Tag Archives: Metagame

Trading a Massive Increase in Emotion

 

I want to write a short followup to last week's article – First Pullback After Significant Structural Change.

Email feedback during the week made it clear to me that some information which I'd assumed was obvious, was not actually obvious to all readers.

And as with most assumptions, it's actually INCREDIBLY IMPORTANT.

The article dealt with a trade taken well after my usual "stop trading" time of 12:00ET. This is normally time for my post-trading routines before heading off to bed.

But on this day I wasn't tired, so I went on with other work while keeping one eye on the markets. Not with any real intent to trade. Just to follow along. Unless of course an A+ trade opportunity came along, screaming out to be traded, and then it's game on.

So here's what happened (from a higher timeframe chart perspective)…

<image: Trading a massive increase in emotion>

If you want to see the trade, check out the original article – First Pullback After Significant Structural Change.

So this led to a reader asking why I didn't trade LONG from the obvious level of support?

<image: Trading a massive increase in emotion>

Great question!

My error last week was in approaching the trade and surrounding context purely from the technical charting perspective.

1. Obvious structure.

2. Break from obvious structure.

3. Trade the first pullback.

I didn't sufficiently explain the underlying reason WHY I consider this an A+ opportunity. And why opportunity LONG from the obvious level of support was something I was happy to pass on.

An excerpt from my response:

I think the cause of the misunderstanding here is that you're failing to appreciate how little I wanted to be trading. My trading was over. I had almost zero interest in trading. I had better things to be doing. UNLESS something absolutely amazing set up.

So yes, had I been trading from 12:00 I would have been seeking entry LONG, as you've suggested. Price held that level nicely.

But this is not the kind of action I want to take after a trading session is over. Can you see the difference between the two sequences? The sequence from 12:00 to 15:00 is just a continuation of the earlier session bias. But the move after support was broken is different. Suddenly A WHOLE LOT of traders are wrong. Everyone who is still holding a longer-term long position, established at any time in the last 3 hours, is suddenly in a drawdown. This is the kind of action I want to trade. Something that traps a whole lot of people. Something that shocks the market. Otherwise, I'll pass.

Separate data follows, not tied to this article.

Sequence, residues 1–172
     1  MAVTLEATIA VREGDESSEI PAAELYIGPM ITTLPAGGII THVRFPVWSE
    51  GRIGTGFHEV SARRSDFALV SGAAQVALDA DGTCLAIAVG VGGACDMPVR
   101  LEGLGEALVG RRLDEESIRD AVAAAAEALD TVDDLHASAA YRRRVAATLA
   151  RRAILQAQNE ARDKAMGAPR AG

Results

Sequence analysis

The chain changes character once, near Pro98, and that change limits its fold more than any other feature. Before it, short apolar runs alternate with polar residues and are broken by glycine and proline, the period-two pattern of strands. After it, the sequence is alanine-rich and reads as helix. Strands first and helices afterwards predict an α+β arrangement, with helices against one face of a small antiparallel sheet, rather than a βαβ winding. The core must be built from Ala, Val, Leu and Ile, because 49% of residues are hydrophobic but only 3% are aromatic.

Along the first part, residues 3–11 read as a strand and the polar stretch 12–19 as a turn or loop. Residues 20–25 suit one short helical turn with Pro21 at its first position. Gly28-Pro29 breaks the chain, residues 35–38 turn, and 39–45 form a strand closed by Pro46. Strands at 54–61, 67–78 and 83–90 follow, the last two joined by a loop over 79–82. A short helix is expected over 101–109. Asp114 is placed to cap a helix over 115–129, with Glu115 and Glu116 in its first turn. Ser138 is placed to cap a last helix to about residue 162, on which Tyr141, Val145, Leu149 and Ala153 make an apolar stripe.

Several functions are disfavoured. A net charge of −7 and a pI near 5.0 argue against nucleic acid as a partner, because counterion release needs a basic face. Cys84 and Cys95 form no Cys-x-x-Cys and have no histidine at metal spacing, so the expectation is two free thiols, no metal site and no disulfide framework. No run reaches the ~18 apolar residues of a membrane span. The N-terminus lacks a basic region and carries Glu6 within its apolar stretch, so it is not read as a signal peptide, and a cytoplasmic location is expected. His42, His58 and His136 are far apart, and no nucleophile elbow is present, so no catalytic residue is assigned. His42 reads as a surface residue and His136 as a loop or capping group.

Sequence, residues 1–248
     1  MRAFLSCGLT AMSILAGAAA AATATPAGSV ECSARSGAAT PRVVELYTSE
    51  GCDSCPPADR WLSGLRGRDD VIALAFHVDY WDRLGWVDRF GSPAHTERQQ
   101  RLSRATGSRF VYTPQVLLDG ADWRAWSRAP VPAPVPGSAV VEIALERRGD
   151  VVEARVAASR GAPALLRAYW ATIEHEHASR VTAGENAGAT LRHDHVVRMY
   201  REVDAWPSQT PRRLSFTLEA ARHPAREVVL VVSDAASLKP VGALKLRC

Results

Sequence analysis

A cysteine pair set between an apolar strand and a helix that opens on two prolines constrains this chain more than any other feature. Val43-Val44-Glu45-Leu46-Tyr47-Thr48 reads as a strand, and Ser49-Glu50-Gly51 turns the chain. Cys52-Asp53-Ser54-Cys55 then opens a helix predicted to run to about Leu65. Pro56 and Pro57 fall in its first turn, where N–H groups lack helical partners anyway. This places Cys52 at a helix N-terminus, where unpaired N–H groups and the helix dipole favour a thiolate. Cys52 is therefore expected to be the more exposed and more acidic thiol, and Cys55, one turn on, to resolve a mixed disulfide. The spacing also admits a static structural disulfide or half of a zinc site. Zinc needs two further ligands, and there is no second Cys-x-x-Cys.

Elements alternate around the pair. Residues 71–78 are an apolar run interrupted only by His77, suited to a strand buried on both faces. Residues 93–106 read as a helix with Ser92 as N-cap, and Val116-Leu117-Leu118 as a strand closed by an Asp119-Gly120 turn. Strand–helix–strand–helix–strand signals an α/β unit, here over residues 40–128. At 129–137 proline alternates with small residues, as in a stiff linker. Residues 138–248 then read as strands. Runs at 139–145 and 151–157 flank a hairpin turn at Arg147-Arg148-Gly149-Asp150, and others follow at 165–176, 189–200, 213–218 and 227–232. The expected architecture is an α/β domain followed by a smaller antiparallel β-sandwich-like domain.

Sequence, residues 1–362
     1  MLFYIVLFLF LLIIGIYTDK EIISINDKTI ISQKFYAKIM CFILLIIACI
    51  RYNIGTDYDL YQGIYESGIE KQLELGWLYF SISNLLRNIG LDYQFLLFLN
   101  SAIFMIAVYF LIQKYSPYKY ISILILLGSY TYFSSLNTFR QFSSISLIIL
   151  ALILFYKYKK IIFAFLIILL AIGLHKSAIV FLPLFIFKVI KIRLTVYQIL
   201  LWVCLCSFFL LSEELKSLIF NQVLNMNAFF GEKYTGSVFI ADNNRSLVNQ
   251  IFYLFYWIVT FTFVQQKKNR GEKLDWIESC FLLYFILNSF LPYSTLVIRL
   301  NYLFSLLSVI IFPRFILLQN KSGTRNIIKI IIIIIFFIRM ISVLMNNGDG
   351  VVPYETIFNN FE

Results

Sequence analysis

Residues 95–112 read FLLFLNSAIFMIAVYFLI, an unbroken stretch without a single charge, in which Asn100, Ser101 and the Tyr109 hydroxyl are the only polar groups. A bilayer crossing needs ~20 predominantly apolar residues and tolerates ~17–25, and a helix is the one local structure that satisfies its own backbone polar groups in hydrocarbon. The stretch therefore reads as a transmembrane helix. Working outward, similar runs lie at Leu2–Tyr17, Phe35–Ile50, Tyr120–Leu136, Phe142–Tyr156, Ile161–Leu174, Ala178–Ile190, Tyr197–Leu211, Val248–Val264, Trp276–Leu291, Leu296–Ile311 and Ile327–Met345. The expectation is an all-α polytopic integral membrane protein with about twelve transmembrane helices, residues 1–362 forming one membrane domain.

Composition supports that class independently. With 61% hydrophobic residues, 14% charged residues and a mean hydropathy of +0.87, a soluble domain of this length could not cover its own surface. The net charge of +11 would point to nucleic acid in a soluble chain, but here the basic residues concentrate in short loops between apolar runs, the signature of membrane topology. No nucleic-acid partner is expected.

The break of support is something which SHOCKS the market.

Something that results in a massive increase in emotion.

<image: Trading a massive increase in emotion>

<image: Trading a massive increase in emotion>

<image: Trading a massive increase in emotion>

<image: Trading a massive increase in emotion>

<image: Trading a massive increase in emotion>

Viewing charts from the perspective and emotion of "the other trader" is the key premise underlying my whole trading approach in the YTC Price Action Trader. Outlined in Chapter Two and then evident in the whole analysis and trade process.

The same applies with every trade you see within my newsletter and blog posts. Even, as in the case of last week's article, where the discussion focused solely on the technical aspects of charting. Look to my charts from the perspective of "the other trader". It will be there somewhere.

Happy trading,

Lance Beggs

 


 

First Pullback after Significant Structural Change

 

I don't often trade after midday Eastern Time. It's the middle of the night here and I'd much prefer to get some sleep.

But from time to time I'm alert and awake and there is no chance I'd be able to sleep even if I tried.

So I'll complete some of my post-session review and then go on with other work, while keeping an eye on the markets.

The default intent is to NOT trade… unless it's screaming out to be traded.

What does that look like?

Here's one example. A trade that is so damn obvious I would have been kicking myself if I missed it.

It's a YTC PB trade. But what is important is not so much the trade itself, but WHERE it happens in the "bigger picture" market structure.

<image: First Pullback after Significant Structural Change>

<image: First Pullback after Significant Structural Change>

<image: First Pullback after Significant Structural Change>

<image: First Pullback after Significant Structural Change>

Dropping down to the Trading Timeframe to see the outcome:

<image: First Pullback after Significant Structural Change>

<image: First Pullback after Significant Structural Change>

1. Structure!!!

2. Break of structure.

3. First pullback against the break of structure.

It's no Holy Grail. Sometimes there will be losses. And sometimes you'll miss the trade.

But it's opportunity I do NOT want to miss.

Happy trading, 

Lance Beggs